The saying that “one must learn from history in order not to repeat it” was a cunning fellow, crafty, sly, sneaky, perhaps, through sleight of hand, making fortunes with the old pea in a shell game.  For some reason a picture Sméagol, aka Gollum, in his deep, dank, dark cavern muttering about his precious while eating blind, raw fish with his fingers.  The truth is that, in order to learn anything meaningful from history, one must first have access to real history, not to the collection of self-serving, delusive propaganda we are all “nurtured” on, and that is not really available except, ironically enough, in historical novels like those written by Mr. Vidal and a few others; certainly not from purported journalists in the mold of Joseph Pulitzer and William Randolph Hearst, or their precursors, founding-father-muckrakers like Thomas Jefferson and James Madison and the now popular via Broadway, Alexander Hamilton.  As they say in the computer business, “garbage in garbage out” and it’s garbage we have.  Lots and lots of garbage, a seemingly endless supply, both physically and metaphorically

Black lives matter.  They always have.  Students’ lives matter.  They always have.  Children’s lives matter.  They always have.  Elderly lives matter.  They always have.  The lives of the poor and downtrodden matter.  They always have.  Immigrants’ lives matter.  They always have.  All lives matter, they always have (although, apparently, today, saying the latter is anathema).  But today, as always, they only matter as chips in a perpetual game of fools’ poker with purported leaders selling out their causes to clever, well-funded political operatives too quickly for the human eye to follow.  The old shell game, again and again and again and again.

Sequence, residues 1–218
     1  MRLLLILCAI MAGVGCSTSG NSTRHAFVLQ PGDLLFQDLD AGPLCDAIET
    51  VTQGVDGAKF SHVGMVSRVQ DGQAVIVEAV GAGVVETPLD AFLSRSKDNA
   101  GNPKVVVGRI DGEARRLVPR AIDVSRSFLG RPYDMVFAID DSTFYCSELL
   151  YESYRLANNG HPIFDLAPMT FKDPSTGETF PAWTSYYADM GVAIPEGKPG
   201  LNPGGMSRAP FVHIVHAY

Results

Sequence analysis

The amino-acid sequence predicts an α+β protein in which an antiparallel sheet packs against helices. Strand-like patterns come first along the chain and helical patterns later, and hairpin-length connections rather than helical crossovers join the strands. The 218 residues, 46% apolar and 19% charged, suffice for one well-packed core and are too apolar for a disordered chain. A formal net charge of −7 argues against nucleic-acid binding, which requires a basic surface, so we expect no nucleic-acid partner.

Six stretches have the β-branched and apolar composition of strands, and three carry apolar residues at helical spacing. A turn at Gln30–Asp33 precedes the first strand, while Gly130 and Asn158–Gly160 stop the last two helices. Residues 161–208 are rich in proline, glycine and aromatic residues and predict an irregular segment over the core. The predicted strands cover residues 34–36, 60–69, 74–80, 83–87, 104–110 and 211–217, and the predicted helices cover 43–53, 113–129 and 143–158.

Fool me once, well Hell, if it works, do it again and again and again and again.  But then again, .…

From beyond the veil, ….

Gore Vidal seems to be casting us a very long life rope.
_______

© Guillermo Calvo Mahé; Manizales, 2020; all rights reserved.  Please feel free to share with appropriate attribution.

Guillermo Calvo Mahé (a sometime poet) is a writer, political commentator and academic currently residing in the Republic of Colombia (although he has primarily lived in the United States of America of which he is also a citizen).  Until 2017 he chaired the political science, government and international relations programs at the Universidad Autónoma de Manizales.  He has academic degrees in political science (the Citadel), law (St. John’s University), international legal studies (New York University) and translation and linguistic studies (the University of Florida’s Center for Latin American Studies).  He can be contacted at guillermo.calvo.mahe@gmail.com and much of his writing is available through his blog at http://www.guillermocalvo.com.